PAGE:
Tuesday, March 6, 2012

The price of sailing and independence

One of my daughters bought me a subscription to one of those glossy sailing magazines. I’ve enjoyed the gift and have even learned some useful sailing hints from it. Sailing is relatively new to me, so any source of information is greedily consumed.

The exotic locations and expensive boats are fun to read about, but 90% of the articles have little to do with the way I sail. The obvious difference is that most sailing in those magazines are done on a budget orders of magnitude bigger than mine. That’s fine. After all, if it wasn’t for those high priced advertisers none of those magazines could be published. That’s the nature of business, but it’s no wonder some of those articles appear to be little more than advertisements themselves.

I could never afford most of the things advertised, even simple things like anchor chain. My big heavy duty piece of chain (attached to a budget anchor) is something that fell off a logging truck.
Even if I could afford one of those big new boats, I have a lot of problems with them. Too many appear to be nearly impossible to fix or service without the full facilities of a good boatyard. High labor costs, combined with specialized parts make that a high dollar operation.

That bumps against one of the things I love about sailing: freedom. When we headed out from the dock recently, my lovely wife looked at the huge expanse of ocean all around us and said, “We could go anywhere!”

That’s the promise of a sailboat, the potential to go anywhere. Of course, there are practical considerations, but even in my tiny sailboat, many thousands of miles of the watery realm are open to us. Anywhere with water and wind is our domain.

Of course, that only works as long as the boat can be repaired and maintained. Go to any good sized boatyard and gaze upon a multitude of boats not going anywhere soon. Some are waiting for parts. Others are waiting their turn with some specialized equipment or highly trained expert. Some boats may be waiting for their owners to get the money together to do the work.

Is it any wonder that I’m attracted to those who build their own boats? The ones that really impress me are those who build the boat, then load all the tools into the boat. Any leftover fasteners, glues, paints, and materials also come along for the ride. They have the knowledge and equipment to completely rebuild a boat from the keel up. Imagine that level of independence. Imagine that level of freedom.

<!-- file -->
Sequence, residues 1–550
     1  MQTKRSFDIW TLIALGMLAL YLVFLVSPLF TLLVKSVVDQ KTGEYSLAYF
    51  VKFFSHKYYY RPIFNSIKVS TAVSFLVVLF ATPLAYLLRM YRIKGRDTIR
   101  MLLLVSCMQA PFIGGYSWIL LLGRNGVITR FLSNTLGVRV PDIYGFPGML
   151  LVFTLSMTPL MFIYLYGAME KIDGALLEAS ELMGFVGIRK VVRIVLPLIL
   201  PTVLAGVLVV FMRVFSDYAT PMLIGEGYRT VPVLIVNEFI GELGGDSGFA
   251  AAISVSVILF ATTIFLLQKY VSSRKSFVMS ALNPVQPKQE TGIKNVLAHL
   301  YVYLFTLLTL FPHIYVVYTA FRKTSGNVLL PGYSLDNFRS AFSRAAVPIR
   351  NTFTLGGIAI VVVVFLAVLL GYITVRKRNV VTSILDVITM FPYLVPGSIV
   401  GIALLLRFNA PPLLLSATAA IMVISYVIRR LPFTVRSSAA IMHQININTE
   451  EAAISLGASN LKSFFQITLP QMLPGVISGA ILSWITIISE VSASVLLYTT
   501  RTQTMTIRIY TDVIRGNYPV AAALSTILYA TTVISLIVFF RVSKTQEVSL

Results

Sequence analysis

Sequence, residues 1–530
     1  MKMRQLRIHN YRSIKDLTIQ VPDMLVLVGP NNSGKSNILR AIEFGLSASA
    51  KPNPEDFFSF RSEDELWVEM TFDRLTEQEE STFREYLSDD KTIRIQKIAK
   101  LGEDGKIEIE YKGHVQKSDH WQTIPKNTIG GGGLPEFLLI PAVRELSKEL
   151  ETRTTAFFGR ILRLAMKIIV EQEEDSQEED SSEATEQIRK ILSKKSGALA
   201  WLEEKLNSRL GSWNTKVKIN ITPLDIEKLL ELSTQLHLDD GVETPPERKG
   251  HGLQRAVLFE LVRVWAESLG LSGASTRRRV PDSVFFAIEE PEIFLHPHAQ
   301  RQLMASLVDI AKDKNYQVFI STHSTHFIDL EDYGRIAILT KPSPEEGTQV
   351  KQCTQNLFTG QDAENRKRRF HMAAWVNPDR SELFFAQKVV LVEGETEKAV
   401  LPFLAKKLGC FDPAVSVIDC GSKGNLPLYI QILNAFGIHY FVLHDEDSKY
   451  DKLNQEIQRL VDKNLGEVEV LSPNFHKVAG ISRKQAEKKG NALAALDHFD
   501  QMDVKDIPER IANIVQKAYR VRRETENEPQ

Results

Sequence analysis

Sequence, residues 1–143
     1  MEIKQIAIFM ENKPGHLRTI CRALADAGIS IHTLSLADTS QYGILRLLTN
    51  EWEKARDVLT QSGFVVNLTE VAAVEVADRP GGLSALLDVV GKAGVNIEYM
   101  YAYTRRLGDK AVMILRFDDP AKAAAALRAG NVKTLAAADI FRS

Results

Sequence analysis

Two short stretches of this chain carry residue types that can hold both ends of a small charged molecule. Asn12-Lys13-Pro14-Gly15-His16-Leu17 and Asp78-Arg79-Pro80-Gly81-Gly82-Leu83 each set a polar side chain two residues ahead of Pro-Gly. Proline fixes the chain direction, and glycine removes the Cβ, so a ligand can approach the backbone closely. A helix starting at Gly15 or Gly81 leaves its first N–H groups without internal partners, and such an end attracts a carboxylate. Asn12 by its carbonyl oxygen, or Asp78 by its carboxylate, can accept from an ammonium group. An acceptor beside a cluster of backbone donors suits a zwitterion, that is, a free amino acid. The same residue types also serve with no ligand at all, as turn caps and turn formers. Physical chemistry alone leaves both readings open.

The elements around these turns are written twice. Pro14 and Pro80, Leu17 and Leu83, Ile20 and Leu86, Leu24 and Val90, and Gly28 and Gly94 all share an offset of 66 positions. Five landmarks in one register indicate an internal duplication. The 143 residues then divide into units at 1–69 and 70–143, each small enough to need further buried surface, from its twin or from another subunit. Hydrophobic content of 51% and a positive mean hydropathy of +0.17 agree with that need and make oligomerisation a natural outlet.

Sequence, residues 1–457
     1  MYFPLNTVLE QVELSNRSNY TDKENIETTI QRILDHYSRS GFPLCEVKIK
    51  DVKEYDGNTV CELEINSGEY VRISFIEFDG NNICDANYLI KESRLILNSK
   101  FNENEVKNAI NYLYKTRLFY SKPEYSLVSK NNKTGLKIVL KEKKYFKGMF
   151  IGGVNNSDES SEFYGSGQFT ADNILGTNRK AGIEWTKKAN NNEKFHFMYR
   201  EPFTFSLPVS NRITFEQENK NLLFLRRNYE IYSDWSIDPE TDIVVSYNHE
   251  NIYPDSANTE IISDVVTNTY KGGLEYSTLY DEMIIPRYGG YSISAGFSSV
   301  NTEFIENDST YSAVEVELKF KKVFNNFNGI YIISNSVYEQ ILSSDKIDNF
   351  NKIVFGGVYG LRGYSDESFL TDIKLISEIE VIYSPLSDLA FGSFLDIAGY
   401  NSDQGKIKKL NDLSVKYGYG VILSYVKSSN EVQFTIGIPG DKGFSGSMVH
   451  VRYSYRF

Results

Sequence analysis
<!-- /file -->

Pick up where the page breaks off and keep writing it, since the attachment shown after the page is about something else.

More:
It’s not necessary to build your own boat, but being able to do most of your own work is a big plus. Having a boat without a lot of specialized parts is useful. Knowing how to repair a damaged hull, torn sail, or sick engine keeps a person on the water. It also keeps them out of the poor house.

Those slick magazines are nice, an enjoyable read, but don’t let them sucker you into buying a boat that won’t deliver on that freedom promise.



  1. as long as one can build it, and maintain it, fix it, or make a replacement has been my view for over many years

    of all those fancy expensive yaughts, one wonders who got stiffed for the other to buy one

    as for now, stay south and enjoy it

    from Wildflower in the freezing north

  2. I bet you have a lot less worry and a lot more fun than the owners of those big ole expensive boats.

  3. That's why I like the George Buehler school of thought on boat building. Common, easily (and cheaply) obtained materials. Galvanized wire rigging. Simple engines. Lumber yard wood. Galvanized fasteners... Better to have a boat that gets USED for 10 years then falls apart than one of those magazine centerfolds that just grows an oyster reef on the bottom sitting in a slip!

  4. Small Craft Advisor is probably more your speed.